Scotland Yard's Anti-Terrorist Branch released pictures on Monday of the man they suspect is the Ealing bomber. While his image is indistinct, detectives hope the footage will jog memories.
Film from closed-circuit television cameras shows the grey Saab, packed with explosives, being left in the street near several pubs. During the hour it was left parked in the Broadway in Ealing, west London, late last Thursday night, many people passed by, unaware of its deadly contents. The film shows the bomb exploding into a huge fireball.
Deputy Assistant Commissioner Alan Fry, head of the anti-terrorist branch, said it was "incredibly lucky" that no one had been close to the vehicle when it exploded.
Shortly after the car was left, a man police believe is the bomber is seen walking down the mall towards Ealing Common. Outside the Royal Food and Wine Shop, he appears to brush past two men.
"It looks as if they almost bump into each. There may have been something said between them. It looks like he almost bumped into someone and someone said 'look where you are going'," Mr Fry said.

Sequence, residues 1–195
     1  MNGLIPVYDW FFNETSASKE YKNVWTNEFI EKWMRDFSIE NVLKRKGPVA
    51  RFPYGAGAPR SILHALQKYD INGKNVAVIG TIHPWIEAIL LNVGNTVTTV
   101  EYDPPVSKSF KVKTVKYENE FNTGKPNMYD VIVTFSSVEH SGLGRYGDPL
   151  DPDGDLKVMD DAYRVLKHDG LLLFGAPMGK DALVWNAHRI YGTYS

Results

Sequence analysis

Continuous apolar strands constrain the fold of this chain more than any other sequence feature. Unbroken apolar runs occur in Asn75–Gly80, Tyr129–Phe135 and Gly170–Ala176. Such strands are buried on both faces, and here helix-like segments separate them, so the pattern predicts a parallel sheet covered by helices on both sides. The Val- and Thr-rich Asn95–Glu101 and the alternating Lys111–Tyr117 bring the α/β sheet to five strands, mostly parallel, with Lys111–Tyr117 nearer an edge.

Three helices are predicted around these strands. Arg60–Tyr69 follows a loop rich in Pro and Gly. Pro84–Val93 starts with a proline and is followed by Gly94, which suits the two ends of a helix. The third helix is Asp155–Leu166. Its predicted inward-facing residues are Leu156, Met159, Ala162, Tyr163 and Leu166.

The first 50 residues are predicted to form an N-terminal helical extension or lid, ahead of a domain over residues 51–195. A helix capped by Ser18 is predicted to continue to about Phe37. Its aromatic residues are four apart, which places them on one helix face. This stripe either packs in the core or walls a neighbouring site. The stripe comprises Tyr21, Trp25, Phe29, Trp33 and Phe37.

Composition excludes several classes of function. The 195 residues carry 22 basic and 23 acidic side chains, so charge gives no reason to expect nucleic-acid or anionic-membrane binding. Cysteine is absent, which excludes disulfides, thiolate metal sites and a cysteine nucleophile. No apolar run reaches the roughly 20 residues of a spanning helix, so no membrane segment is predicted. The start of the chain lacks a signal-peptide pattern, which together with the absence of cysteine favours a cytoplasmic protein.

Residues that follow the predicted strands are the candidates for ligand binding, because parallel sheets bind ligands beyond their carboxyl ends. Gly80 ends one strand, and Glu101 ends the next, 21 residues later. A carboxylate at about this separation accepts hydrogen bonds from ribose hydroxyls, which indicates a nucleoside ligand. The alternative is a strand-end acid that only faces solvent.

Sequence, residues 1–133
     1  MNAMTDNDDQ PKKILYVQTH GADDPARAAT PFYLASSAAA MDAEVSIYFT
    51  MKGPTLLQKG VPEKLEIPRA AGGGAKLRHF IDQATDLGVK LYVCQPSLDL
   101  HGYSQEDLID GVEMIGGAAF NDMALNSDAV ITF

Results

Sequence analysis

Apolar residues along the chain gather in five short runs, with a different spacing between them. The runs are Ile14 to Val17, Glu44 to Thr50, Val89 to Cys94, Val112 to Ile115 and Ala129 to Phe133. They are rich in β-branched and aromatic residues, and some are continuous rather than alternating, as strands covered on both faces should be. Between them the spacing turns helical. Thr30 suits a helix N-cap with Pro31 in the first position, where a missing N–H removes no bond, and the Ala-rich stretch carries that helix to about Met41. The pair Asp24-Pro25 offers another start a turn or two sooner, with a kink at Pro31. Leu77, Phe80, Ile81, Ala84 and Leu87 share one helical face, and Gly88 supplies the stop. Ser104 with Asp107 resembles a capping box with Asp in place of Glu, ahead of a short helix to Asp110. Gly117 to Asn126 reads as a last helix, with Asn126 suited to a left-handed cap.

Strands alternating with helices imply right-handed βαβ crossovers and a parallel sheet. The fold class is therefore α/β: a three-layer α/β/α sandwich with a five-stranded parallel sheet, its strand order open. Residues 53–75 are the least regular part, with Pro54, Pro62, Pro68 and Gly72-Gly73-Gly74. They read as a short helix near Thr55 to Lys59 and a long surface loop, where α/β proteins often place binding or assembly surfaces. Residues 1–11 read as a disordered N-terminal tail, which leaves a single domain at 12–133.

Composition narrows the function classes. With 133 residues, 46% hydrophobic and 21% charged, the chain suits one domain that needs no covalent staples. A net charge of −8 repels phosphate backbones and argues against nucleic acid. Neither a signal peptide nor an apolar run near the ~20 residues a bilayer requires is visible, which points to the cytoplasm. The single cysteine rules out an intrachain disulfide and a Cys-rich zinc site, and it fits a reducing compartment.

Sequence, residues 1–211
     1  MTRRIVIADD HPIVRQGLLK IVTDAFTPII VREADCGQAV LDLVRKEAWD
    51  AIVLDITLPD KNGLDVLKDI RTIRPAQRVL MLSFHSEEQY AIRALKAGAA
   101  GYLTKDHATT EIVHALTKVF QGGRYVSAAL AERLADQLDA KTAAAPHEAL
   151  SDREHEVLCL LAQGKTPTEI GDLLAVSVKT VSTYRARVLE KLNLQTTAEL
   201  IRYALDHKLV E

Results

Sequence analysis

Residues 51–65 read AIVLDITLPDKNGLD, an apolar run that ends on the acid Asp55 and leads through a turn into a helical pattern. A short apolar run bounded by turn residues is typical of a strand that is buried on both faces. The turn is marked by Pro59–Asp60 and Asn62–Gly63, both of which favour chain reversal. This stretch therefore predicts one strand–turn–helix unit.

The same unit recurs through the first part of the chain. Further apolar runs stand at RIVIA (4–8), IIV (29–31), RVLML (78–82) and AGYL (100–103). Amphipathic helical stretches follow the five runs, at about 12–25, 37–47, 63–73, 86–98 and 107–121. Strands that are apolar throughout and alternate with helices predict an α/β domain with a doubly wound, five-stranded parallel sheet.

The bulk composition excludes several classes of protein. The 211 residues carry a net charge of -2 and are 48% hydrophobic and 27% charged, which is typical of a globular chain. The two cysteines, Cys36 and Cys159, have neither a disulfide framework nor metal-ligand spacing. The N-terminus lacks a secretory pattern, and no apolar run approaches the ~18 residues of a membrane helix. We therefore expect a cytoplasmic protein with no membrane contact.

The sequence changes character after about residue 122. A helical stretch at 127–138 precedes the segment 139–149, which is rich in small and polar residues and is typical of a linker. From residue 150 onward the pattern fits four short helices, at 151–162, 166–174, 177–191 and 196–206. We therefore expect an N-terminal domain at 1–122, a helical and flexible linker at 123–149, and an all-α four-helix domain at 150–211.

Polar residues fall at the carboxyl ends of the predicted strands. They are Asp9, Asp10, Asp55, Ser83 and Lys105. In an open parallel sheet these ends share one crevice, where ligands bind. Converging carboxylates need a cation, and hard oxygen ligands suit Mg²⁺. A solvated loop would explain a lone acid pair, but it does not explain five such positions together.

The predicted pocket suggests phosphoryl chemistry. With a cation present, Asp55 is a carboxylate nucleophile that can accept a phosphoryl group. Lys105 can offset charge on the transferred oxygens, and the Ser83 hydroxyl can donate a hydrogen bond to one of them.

The two people then walk in the opposite direction to the suspect, who is wearing a dark, short-sleeved shirt, darkish trousers and a dark baseball cap with a white motif on the front. Hekeeps his head down as he passes the camera.
Mr Fry said: "I would not expect anyone to be able to name the bomber from what we see here. I am hoping that it will trigger people's memories. This is not the breakthrough that we are looking for, that's still to come."
As the bomb explodes, a man is seen running through the smoke, apparently unharmed, trying to make a call on his mobile phone.
A "misleading" warning was telephoned to the police at 11.33pm, leaving them little time to act. Mr Fry said police were still investigating the timer used on the bomb.
The blast injured 11 people. The last person being treated at Ealing Hospital – a 28-year-old man who had surgery on his shoulder – was expected to be discharged last night.
Yesterday, about 500 business people and residents packed Ealing town hall, anxiously awaiting news of when they could return to their properties. The shops within the immediate vicinity of the bomb remained closed off as the anti-terrorist squad continued to search for clues.
But the outer cordon was lowered to allow owners to seethe devastation wreaked on their properties and to begin the depressing task of sifting through the debris.Reuse content